Top 10 Trails in Australia (Tasmania)

Explore Australia’s huge open spaces on trekking routes that penetrate every corner of the country to reveal surprisingly diverse snapshots of the island-continent’s landscape and nature

Story by Andrew Bain

Overland Track

Where Tasmania

When October to May

How long 65km

How tough
Moderate. No major climbs, but unpredictable and often fierce weather.

What’s great about it
Hike through the heart of Australia’s most distinctive mountain range.

Unquestionably the most famous hike in Australia, the Overland Track threads between some of the country’s most striking and rugged mountains as it traverses the length of Cradle Mountain-Lake St Clair National Park.

The six-day hike offers a varied experience, from the bare bones of the island across the alpine Cradle Plateau at the northern end, to rainforest and a trio of thundering waterfalls in the south, before ending on the shores of Australia’s deepest lake.

The track begins beneath Tasmania’s signature peak, Cradle Mountain, with the most sustained climb of the entire hike, before levelling out across the usually wind-blasted plateau. The Overland remains exposed for most of its length as it passes beneath many of Tasmania’s highest mountains but there are few other climbs as it doesn’t ascend any of the peaks. Side trails do veer away to the likes of Mt Ossa (Tasmania’s highest peak), Cradle Mountain and Barn Bluff though, any of which can be built into the hiking days.

The Overland Track is dotted with huts, but hikers are required to carry a tent in case of emergency (or just to escape the snoring in often packed shelters). Hiker numbers are limited to 36 each day through the permit season – October to May – when the track can only be walked from north to south (Cradle Mountain to Lake St Clair). Make your booking at www.parks.tas.gov.au/?base=7771 starting from July 1. Get in early to avoid disappointment as this is a popular trek.

Through winter the track remains accessible (no permits apply), and provides a very different experience, being uncrowded and often snow-covered, but rarely impassable.

Three Capes Track

Where Tasmania

When October to May

How long 46km

How tough
A well-groomed trail and minimal climbing make this an easy hike.

What’s great about it
Vertiginous views from the top of 300-m sea cliffs.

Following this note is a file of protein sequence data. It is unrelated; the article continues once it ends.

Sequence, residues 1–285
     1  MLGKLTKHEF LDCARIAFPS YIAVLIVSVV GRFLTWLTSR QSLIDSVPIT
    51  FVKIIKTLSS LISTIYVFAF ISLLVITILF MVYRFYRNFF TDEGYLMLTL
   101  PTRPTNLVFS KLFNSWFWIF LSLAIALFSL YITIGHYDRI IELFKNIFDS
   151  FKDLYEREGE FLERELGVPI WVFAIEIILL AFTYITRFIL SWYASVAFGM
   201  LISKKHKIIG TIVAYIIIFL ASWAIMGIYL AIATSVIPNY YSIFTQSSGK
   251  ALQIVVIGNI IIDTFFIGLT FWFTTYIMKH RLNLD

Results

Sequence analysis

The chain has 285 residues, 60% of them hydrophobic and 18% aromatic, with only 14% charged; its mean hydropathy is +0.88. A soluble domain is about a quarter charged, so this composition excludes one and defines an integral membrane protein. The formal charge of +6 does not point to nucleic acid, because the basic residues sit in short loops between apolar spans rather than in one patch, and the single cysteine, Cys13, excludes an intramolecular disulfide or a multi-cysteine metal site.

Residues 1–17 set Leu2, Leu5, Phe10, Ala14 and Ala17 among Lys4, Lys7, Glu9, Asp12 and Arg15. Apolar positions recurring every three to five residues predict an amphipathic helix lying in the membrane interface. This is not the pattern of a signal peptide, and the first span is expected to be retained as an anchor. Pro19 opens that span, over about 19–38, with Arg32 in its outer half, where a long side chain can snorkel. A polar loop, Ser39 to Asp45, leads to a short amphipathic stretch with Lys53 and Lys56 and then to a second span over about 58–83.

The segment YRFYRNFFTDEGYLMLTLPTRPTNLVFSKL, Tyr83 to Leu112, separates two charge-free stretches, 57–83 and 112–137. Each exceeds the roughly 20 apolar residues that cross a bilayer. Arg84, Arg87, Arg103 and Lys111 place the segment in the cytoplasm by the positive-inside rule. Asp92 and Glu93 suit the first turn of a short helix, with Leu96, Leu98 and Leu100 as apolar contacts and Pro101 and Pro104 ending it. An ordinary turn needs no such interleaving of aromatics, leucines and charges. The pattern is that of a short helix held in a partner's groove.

Opened only last Christmas, the Three Capes Track offers an accessible glimpse of the highest sea cliffs in the southern hemisphere, with uncustomary comforts along the way.

The track begins with a boat ride from the former convict station at Port Arthur to Denmans Cove and then follows a well-groomed trail – part boardwalk, part hard-rolled earth – to the heights of Cape Pillar and the well-named Blade, a sharp sliver of rock rearing above lighthouse-topped Tasman Island and a sea lion colony.

The track is a new breed of Australian hike, with each night spent in stylish, specially designed huts featuring large common areas, gas stoves, mattresses, deck chairs, yoga mats and USB phone chargers. Strategically placed along the track are art installations and benches, where hikers can sit and read the national parks-produced Three Capes Track guidebook to learn about the natural and human history of the area.

For all the pampering, however, the stars of this hike are the cliffs. Over Arthurs Peak, atop Cape Pillar and approaching Cape Hauy, the track overlooks one of the wildest sections of coastline in all of Oz. Columns of dolerite rise up 300m from the fury of the Southern Ocean, and snakes, wallabies and echidnas are likely hiking companions.

On the final day, the trail climbs to Cape Hauy, where you can peer over the cliff edge to look down on the slender dolerite sea stack known as the Totem Pole, one of the world’s most revered and photogenic rock-climbing routes.

The four-day walk comes at a price (AUS$500 per person), but it provides maximum views for minimum effort. Bookings can be made through the track’s official website, www.threecapestrack.com.au